At this point it’s clear that the series needs a varied mix of writers. Luckily series two was just around the corner …..

Blakes 40 – Blakes 7 40th Anniversary Rewatch: Series One, Episodes Eight to Ten

Duel

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This is a good episode for Travis – especially since for once he doesn’t have to run around after Servalan. Although even this early on it’s easy to see just how limited a character he is (something which Greif had quickly picked up on – pondering just how credibility could be maintained if every time Travis and Blake met, Blake ended up winning). The answer, of course, is that it couldn’t – but we’ll leave that topic until series two ….

Although the duel part of the story was clearly designed to be the showpiece, I prefer the earlier dogfight in space scenes. With Dudley absent (although not, as long assumed, because of his feud with Camfield) the selection of discordant stock music helps to raise the tension nicely. A number of simple visual effects – slowing the camera down, coloured lights – are cheap but effective ways of showing the ships – post intervention by Sinofar and Giroc – stuck in space.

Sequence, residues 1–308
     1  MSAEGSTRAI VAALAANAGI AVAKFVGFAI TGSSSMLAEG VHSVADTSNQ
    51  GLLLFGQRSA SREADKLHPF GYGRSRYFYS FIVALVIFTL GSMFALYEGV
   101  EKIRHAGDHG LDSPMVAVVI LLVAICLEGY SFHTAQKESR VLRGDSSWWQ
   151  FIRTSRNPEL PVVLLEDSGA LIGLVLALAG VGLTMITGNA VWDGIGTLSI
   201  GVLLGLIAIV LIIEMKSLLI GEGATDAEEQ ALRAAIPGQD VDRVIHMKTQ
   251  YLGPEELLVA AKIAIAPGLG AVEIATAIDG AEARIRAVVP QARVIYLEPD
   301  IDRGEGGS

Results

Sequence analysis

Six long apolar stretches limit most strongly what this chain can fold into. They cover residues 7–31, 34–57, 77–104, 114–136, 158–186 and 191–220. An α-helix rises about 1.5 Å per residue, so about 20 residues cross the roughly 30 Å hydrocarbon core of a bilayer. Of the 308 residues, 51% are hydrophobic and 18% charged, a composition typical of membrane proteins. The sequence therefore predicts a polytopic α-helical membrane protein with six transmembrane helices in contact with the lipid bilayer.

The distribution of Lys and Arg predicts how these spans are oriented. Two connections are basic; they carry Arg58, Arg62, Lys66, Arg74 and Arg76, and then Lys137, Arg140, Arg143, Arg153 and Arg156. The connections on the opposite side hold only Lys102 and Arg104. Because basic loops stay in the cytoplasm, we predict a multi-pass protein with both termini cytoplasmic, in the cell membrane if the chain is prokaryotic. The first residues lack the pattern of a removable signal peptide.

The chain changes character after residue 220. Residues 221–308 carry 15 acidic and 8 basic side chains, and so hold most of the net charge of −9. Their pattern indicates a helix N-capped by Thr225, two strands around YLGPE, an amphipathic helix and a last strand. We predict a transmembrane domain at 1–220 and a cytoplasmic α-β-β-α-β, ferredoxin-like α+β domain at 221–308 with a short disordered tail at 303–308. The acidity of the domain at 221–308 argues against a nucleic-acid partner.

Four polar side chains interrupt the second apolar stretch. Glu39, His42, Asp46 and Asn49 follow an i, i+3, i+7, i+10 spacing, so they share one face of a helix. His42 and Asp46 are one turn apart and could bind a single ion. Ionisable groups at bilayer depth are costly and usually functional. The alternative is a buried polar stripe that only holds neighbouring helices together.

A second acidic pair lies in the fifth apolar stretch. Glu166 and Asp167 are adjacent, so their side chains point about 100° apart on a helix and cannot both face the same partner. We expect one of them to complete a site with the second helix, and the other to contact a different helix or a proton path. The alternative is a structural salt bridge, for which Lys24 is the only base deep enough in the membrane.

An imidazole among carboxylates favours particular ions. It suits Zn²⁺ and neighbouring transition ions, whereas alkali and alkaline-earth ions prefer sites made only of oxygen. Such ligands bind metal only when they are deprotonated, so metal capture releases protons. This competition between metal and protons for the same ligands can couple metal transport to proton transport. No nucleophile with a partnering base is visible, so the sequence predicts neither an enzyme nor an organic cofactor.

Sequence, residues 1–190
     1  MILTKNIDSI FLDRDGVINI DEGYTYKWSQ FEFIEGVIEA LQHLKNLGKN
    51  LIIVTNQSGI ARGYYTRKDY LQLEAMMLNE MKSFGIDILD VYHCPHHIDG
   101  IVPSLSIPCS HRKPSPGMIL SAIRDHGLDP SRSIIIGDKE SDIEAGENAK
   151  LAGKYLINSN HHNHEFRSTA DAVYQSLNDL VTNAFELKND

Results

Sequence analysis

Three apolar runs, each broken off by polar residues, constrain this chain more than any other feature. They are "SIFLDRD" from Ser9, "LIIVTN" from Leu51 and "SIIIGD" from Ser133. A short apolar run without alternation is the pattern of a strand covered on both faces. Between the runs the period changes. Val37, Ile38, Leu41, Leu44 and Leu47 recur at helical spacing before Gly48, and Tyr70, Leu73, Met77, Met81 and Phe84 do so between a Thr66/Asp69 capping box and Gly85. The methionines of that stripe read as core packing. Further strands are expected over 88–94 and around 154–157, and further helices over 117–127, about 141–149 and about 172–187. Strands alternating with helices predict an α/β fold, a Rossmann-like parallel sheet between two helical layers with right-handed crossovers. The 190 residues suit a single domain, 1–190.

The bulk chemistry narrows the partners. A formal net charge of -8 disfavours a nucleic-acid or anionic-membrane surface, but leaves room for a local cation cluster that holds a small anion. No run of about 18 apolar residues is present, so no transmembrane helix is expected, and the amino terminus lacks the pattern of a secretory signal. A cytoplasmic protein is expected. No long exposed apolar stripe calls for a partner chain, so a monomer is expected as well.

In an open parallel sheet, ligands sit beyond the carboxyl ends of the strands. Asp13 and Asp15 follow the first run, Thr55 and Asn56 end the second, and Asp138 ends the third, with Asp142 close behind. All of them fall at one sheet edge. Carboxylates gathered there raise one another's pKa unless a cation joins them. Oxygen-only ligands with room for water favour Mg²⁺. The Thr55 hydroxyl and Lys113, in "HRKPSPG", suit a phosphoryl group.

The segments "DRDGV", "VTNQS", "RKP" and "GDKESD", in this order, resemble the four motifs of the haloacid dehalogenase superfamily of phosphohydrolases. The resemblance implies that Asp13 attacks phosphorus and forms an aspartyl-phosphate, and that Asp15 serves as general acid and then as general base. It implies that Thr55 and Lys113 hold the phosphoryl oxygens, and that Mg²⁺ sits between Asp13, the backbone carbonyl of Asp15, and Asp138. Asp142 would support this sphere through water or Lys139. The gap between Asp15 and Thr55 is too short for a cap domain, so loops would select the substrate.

Given Camfield’s skill with a film camera, it’s maybe a little surprising that there’s not a great deal from the woodland scenes that’s terribly memorable. It’s also a shame that the climatic fight between Travis and Blake is a little rushed (and Travis’ grand plan to ensnare Blake – a spiky trap – looks a little feeble too).

Avon might be playing second fiddle today, but he still gets some very decent moments. His “nuts” speech (cut from the original compilation VHS) is one and I also love his brief smile and headshake when he realises that Blake won’t be able to kill Travis. The fact that Vila, Gan and Cally were all urging Blake on at this moment is another example of Avon’s self-imposed distance from the others.